Sad to say, this kind of reminds me of that scene in Dolemite II: Human Tornado where Rudy Ray Moore convinces a woman to have intercourse with him by showing her a velvet painting of some hot miscegenation action. Then, of course, the intense carnality of the ensuing madness disrupts the California power grid. Intrigued? I knew you would be. But I recommend "Avenging Disco Godfather" instead. Put your weight on it!
This story about the Scalia non-recusal is pretty sweet.
"It did not involve a lawsuit against Dick Cheney as a private individual," Scalia said in response to a question from the audience of about 600 people. "This was a government issue."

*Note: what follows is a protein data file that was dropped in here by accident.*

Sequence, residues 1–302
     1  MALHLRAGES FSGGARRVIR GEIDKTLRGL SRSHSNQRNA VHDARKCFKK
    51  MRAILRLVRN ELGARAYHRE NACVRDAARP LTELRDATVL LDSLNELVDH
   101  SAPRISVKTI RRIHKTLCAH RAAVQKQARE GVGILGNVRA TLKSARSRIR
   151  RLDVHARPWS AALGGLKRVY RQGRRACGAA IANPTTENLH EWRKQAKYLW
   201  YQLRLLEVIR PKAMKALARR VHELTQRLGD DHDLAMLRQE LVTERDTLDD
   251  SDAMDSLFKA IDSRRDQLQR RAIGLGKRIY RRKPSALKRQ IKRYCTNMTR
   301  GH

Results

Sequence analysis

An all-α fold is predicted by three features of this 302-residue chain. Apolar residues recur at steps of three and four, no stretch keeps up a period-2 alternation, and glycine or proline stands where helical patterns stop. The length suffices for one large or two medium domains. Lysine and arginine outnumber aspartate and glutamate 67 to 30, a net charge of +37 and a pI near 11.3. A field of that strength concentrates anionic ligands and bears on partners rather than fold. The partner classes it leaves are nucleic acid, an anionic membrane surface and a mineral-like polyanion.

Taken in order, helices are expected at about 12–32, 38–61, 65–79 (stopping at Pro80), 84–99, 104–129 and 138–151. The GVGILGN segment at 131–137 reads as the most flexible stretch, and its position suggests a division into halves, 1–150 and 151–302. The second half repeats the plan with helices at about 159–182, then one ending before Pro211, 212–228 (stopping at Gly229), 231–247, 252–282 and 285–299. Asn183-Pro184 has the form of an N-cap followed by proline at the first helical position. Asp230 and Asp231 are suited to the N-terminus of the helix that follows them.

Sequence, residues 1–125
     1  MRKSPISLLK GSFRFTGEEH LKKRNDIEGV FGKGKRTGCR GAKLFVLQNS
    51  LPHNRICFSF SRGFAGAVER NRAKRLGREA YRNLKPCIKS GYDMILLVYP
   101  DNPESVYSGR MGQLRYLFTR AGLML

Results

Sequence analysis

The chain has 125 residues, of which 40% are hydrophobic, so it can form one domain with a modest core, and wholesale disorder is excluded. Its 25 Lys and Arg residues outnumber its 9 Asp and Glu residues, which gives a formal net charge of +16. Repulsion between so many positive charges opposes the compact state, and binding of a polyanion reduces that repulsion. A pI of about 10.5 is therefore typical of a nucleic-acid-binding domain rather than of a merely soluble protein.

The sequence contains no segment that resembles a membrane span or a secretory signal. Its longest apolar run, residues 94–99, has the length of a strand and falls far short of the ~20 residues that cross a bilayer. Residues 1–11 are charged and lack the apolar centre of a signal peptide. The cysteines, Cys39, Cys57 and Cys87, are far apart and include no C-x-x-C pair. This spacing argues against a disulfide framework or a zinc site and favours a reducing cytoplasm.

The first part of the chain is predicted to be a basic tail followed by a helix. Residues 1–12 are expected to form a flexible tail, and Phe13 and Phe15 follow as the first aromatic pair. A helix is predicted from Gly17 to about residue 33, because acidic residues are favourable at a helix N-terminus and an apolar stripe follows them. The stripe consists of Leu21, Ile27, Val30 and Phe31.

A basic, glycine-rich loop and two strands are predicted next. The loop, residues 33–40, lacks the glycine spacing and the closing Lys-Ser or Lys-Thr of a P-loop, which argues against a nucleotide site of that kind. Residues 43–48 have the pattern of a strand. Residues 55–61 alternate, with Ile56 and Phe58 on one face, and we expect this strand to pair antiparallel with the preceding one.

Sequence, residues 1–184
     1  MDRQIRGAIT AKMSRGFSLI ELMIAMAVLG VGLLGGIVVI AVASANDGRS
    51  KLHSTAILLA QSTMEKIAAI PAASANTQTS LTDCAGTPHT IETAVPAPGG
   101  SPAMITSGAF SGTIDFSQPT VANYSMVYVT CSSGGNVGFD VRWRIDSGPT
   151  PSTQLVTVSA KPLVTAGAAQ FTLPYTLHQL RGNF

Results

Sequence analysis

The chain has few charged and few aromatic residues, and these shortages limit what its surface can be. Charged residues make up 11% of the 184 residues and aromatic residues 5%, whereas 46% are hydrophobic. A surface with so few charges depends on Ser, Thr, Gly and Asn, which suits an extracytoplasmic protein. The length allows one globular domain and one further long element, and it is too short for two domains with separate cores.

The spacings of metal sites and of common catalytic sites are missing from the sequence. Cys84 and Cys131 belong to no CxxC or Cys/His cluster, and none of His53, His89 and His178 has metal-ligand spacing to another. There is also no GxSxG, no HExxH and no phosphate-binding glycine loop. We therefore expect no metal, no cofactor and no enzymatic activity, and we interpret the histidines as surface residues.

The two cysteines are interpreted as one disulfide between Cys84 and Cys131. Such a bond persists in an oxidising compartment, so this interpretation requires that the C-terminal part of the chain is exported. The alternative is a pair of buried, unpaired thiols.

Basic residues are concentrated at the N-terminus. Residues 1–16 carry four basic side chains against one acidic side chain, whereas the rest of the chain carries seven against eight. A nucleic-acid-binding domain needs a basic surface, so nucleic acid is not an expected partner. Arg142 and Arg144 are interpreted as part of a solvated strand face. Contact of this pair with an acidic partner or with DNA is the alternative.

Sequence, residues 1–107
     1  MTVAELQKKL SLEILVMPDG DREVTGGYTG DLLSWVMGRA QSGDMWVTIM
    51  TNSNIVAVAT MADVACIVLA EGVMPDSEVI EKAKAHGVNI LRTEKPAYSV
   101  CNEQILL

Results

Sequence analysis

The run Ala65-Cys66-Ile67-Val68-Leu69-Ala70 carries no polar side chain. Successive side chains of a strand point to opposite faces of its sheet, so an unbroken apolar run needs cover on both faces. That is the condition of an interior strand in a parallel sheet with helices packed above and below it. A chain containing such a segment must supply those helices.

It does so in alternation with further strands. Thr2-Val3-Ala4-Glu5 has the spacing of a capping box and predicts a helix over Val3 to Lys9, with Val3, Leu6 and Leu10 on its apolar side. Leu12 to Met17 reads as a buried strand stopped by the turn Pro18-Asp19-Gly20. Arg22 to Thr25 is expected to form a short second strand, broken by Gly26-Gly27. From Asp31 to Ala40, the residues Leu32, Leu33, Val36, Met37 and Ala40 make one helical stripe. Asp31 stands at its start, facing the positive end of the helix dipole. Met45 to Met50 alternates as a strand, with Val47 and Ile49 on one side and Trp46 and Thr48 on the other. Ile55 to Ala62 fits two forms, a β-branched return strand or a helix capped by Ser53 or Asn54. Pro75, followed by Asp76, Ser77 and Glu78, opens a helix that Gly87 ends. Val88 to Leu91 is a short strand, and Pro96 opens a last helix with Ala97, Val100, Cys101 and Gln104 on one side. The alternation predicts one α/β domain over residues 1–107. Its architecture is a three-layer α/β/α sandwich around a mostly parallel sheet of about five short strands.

Moral explanations hit home: "[t]hen the economy got affected because some of our citizens forgot to tell the truth" says the President.
And that death tax. You know, the one that always takes away family farms, except when it doesn't?
Guy Donaldson is with us. He's got an interesting story. He is a fruit orchard man out of Pennsylvania. Apples, cherries, and peaches. (Laughter.) I was lobbying for some of them to be sent over here for breakfast. (Laughter.) See, he is -- he, by the way, is a partnership, so his entity is taxed at the individual income tax rate level. But he's more concerned about the death tax. His dream is to keep this farm in his family. It's been in his family now for the fourth generation. That's part of his dream. That's what he has decided that he would like to do with his assets. And he wants to leave the orchard to his kids.
Does it ever stop? Will Scott McClellan ever retire a lie and hang its jersey from the ceiling?